Tens of thousands of forest workers are fanning out across India's jungles and national parks to count the country's endangered tigers, officials said on Friday.
NEW DELHI Tens of thousands of forest workers are fanning out across India's jungles and national parks to count the country's endangered tigers, officials said on Friday.
The exercise involves 88,000 forest workers who have been given designated areas in various wildlife sanctuaries.
India has half the world's surviving tigers, but conservationists say the country is losing the battle to save the big cats. There were about 40,000 tigers in India a century ago, but decades of poaching have cut their number to 3,700.
Concerns have again risen after a sharp decline in the number of the tiger population was reported -- with one national park near New Delhi saying last year it had no tigers left.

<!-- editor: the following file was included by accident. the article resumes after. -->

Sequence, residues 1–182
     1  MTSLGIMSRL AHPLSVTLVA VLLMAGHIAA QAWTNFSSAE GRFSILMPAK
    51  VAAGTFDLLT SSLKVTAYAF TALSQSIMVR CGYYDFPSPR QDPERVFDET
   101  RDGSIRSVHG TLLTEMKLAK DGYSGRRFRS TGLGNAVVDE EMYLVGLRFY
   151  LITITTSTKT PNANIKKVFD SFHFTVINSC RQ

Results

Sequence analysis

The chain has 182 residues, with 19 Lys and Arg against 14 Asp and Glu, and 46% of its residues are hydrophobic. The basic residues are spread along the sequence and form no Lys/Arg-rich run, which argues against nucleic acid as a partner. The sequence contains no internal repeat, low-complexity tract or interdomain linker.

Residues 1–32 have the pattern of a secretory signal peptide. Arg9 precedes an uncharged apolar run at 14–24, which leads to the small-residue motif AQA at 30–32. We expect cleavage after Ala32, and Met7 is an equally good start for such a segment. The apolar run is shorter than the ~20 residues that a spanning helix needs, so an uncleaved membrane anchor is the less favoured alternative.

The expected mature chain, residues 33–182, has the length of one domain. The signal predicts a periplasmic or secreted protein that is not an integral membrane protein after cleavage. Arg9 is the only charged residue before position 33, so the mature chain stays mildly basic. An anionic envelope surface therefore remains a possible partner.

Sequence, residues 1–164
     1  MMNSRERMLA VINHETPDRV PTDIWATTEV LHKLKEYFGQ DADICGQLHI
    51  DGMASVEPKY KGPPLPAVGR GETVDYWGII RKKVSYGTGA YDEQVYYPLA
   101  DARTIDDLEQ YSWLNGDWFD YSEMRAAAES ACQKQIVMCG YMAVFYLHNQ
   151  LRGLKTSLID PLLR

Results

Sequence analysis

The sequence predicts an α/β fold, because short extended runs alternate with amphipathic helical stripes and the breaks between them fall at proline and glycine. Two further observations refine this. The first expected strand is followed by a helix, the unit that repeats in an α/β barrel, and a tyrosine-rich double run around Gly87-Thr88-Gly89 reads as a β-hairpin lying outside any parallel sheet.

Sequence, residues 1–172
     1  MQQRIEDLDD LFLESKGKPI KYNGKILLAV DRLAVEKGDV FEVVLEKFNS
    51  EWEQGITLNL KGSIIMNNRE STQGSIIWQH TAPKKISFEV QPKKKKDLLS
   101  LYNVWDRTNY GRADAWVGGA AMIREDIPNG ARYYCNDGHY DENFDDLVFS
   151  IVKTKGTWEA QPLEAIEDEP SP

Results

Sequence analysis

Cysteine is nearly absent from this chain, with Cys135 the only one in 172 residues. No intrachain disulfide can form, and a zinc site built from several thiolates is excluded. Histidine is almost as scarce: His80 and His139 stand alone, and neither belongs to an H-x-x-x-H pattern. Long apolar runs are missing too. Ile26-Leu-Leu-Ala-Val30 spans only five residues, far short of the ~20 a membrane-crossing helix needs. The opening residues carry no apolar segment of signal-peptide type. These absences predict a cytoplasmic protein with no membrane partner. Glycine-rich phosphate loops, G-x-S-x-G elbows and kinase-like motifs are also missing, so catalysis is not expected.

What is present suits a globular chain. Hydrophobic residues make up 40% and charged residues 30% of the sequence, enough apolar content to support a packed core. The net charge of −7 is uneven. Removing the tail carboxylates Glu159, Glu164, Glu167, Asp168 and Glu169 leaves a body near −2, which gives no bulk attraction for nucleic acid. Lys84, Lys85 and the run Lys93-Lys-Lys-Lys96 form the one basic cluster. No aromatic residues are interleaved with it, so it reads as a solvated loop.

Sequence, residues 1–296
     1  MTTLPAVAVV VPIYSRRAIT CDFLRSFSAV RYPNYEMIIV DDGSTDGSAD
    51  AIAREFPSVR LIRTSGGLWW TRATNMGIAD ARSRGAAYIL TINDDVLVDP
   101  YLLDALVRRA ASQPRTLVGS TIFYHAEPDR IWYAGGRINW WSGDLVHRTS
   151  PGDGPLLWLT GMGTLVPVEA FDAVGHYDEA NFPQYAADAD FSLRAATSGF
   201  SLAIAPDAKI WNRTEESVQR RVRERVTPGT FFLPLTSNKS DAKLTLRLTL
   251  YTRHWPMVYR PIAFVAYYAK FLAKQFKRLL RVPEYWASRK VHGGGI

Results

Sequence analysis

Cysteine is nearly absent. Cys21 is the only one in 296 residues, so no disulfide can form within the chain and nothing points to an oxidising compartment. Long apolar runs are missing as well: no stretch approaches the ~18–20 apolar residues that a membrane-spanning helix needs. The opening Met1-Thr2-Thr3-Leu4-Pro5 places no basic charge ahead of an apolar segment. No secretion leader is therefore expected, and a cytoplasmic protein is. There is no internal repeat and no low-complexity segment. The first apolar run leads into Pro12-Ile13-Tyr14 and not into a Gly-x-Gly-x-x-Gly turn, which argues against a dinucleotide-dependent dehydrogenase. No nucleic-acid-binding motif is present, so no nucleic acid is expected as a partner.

Earlier tiger counts had been done solely by spotting their pugmarks but conservationists said that method was faulty, mainly due to varying soil and weather conditions.
The new method involves actual sightings of the animal apart from spotting and capturing on camera their pugmarks and faeces. DNA sampling will also be used.
"The (new) methodology is a basket of all published techniques put together for application," said Y.V. Jhala of the the Wildlife Institute of India.
Conservationists have in the past expressed reservations over the accuracy of government figures on tiger populations.